If you are a nail biter you probably already know some of all the bad things nail biting can cause. I am thinking about things like ingrown nails, skin infections, and stomach virus – just to mention some. But do you know how nail biting can affect your teeth?
A bit more than a year ago I read an article about the effect nail biting can have on the teeth. And I was very surprised to read about those consequences. I had never thought about this before.
Among other things, nail biting can wear the enamel away on your teeth and they could get chipped or cracked. They are certainly being worn down and you are increasing the risk of root resorption.
This was yet another wake-up call for me and another good reason to stop my nail biting.
Below I have listed some of the not so obvious consequences of nail-biting. Opposite a very severe bitten nail or infection around the nail bed, these you will not see or feel right away. But with the long-term effects and costs they can create, this is something you wanna know about.
And if the below if not enough to convince you, then read 9 Reasons to Stop Nail Biting Now
1) Tooth enamel wears away
The tooth enamel is the visible part of a tooth, covering the crown. It helps protect our teeth from daily use such as chewing, crunching and grinding. So make no mistake – the tooth enamel is very important for you.
But although enamel is the hardest substance in the human body, nail biting can wear it away (especially on the front teeth) and because enamel is not living tissue, it can’t be naturally regenerated. So basically, once it’s gone, it’s gone!
As the enamel wears away, you may start to notice increased tooth sensitivity or sometimes even pain.
2) Fractured or chipped tooth
Although teeth are very durable and can stand up to many things, they should not be used as a tool. And that is basically what you do when you bite your nails.
When you bite your nails you put a lot of pressure on your front teeth, which they are not intended to withstand. And that concentrated force put on a small spot on your tooth, can result in a fracture or lead to a chipped tooth.
Now you might think: “But a chipped tooth can be fixed easily!”
Yes, it can – with money most things can be fixed. But continued nail biting can cause the filling to break or create more severe tooth damage that will need a permanent solution, such as a crown.
3) Crooked teeth
Nail biting puts a lot of pressure on your teeth and the roots. And if you have been a chronic nail biter for many years, this could lead to crooked teeth.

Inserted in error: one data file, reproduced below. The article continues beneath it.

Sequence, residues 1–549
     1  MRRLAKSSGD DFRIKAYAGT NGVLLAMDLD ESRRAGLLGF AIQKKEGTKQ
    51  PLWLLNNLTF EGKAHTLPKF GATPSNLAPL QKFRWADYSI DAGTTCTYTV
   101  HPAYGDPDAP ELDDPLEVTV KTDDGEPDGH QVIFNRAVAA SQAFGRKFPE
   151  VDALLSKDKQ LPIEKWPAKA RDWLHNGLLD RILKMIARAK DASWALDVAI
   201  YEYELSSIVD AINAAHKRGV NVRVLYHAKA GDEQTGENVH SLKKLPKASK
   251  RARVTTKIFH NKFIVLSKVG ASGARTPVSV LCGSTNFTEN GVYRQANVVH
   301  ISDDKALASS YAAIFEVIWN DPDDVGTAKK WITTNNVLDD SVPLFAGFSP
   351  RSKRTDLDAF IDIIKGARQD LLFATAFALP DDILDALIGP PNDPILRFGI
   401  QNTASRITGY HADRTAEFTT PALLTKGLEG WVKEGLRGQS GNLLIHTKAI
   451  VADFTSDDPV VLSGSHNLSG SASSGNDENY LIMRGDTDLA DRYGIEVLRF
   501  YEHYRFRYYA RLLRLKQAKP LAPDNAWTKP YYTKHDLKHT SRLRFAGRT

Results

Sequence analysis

Crooked teeth will need to be straightening with braces.
4) Nail biting with braces
It should be clear by now that nail biting is no good. But if on top of your nail biting you also wear braces….well then you are in for a whole new set of problems.
Below are some of the damaging effect nail biting can have, if you also wear braces:
- Biting nails while wearing braces (or had braces in the past), will risk your teeth to become crooked again
- Biting nails put additional pressure on your teeth and their roots. So if you bite your nails while having braces, you could delay the process of straightening your teeth, meaning you will need to wear your braces for longer
- You could damage the braces by breaking brackets and bending wires. This would also delay your treatment
Bruxism, or more commonly known as teeth grinding, is another activity that can be seen among nail biters.
A study published in General Dentistry found that nail biters are at an increased risk for developing teeth grinding.
If not treated, teeth grinding can have some serious consequences such as:
- Teeth can be worn down
- Tooth enamel is rubbed off, causing increased sensitivity
- Jaw pain and popping jaw
- Chronic headaches
People are often not aware that they grind their teeth. Personally, I found out when my wife told me I was doing it at night. And it started to make sense why I had pain in my jaw and headache when I woke up in the morning.
So it is important to be aware of the above signs. If you suspect you grind your teeth, seek help from your dentist. He will be able to suggest the best method of treatment.
Some last words
So as you can see, the consequences of nail-biting go beyond those small short-eaten fingernails. It can have some long terms effect and you can end up with problems that in general has nothing to do with your fingernails.